NBR delivered another rate cut today from 5.75% to 5..5%. It is the third consecutive cut in the key rate and a good moment to see how has this easing cycle transferred into the real economy. The main question is if these rate cuts get to the real economy. As you will see not immediately and definitely not via lower interest rates.
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Without further ado here are few interesting graphs.
The first one shows that NBR has introduced liquidity in the economy via REPO operations since November 2011. This is the good thing, the bad thing is that it does this at very short maturities of 7 days. Theoretically then we should see the effect only on the short end of the MM curve.
The injection of liquidity is seen in the daily volume of stock for MM liquidity especially in December 2011. However in January 2012 the volume is falling again in my view due to the big demand from the Ministry of Finance. Looking at interest rate, red line, we see that the easing of monetary policy has managed to lower them a bit but only to the level seen at the begging of 2011 when the key rate was 6.25% .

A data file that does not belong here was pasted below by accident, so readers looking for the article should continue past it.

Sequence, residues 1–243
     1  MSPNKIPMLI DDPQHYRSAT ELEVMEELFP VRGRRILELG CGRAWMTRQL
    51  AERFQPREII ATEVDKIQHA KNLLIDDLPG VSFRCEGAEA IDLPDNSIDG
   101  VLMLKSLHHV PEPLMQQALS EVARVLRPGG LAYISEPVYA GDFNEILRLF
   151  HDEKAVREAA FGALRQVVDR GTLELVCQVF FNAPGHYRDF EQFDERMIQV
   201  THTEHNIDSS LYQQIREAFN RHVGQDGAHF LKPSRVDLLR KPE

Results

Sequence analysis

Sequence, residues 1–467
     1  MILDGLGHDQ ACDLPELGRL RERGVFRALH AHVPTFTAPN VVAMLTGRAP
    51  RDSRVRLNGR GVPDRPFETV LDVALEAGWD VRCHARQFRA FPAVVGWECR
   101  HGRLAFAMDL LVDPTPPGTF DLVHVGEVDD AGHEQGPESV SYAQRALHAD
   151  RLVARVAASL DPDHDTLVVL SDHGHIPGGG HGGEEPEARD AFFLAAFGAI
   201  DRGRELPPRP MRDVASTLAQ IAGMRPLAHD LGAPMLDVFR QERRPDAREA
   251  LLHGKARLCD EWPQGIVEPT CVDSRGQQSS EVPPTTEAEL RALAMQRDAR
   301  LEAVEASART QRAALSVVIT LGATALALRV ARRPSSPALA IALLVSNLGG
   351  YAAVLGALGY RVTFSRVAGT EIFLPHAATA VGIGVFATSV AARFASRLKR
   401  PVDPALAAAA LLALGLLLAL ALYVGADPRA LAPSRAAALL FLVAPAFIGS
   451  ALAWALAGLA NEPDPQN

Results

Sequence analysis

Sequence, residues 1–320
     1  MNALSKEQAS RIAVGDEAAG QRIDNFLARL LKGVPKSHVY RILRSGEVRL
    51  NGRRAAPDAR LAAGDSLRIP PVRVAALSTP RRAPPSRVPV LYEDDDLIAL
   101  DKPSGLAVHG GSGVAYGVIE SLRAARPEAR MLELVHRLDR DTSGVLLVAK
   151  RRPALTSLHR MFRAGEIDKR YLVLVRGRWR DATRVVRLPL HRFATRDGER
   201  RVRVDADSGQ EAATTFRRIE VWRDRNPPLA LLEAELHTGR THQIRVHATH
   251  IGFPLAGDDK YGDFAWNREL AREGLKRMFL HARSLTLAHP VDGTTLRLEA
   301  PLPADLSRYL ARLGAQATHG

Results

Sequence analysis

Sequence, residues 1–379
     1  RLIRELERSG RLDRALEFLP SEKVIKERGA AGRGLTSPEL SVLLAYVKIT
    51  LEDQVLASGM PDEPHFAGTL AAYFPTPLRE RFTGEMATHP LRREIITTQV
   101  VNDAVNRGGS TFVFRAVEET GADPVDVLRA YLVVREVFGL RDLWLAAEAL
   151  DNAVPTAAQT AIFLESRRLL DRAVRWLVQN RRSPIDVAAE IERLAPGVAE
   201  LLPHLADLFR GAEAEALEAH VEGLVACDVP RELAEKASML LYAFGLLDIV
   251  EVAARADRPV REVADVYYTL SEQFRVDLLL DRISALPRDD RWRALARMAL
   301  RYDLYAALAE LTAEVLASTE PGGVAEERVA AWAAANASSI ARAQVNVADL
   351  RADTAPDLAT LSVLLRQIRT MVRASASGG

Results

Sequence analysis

Looking now at the daily volume for MM transactions it is almost impossible to identify any effects from a more relaxed monetary policy. There is some effect on the interest rates for daily transactions but still the current rates are still above the level seen at the beginning of 2011.
Now we put the two together, volume for stock and transactions, and becomes clear that an easier moentary policy did not really impact the money market. Where did the money from REPO’s go?
In my view the extra liquidity pushed in the system by the NBR has been “sucked” by the Ministry of Finance. It will get back to the real economy once the MF will start making payments. However, we are seeing an interesting phenomenon that an increase in money supply is not mirrored in lower interest rates. There are two reasons for this:
-the NBR uses a very short maturity for its REPO operations
-banking sector prefers to transfer the extra liquidity directly to the ministry of finance. In fact the banking sector credits the MF first and then uses the T-bills/bonds to get liquidity from the NBR.
There are two ways to get out of this vicious circle. NBR could either lower the minimum reserve requirement or intervene to depreciate the currency. Both will show a permanent injection of liquidity and thus will have an impact on longer end of the curve and implicitly on credit interest rates.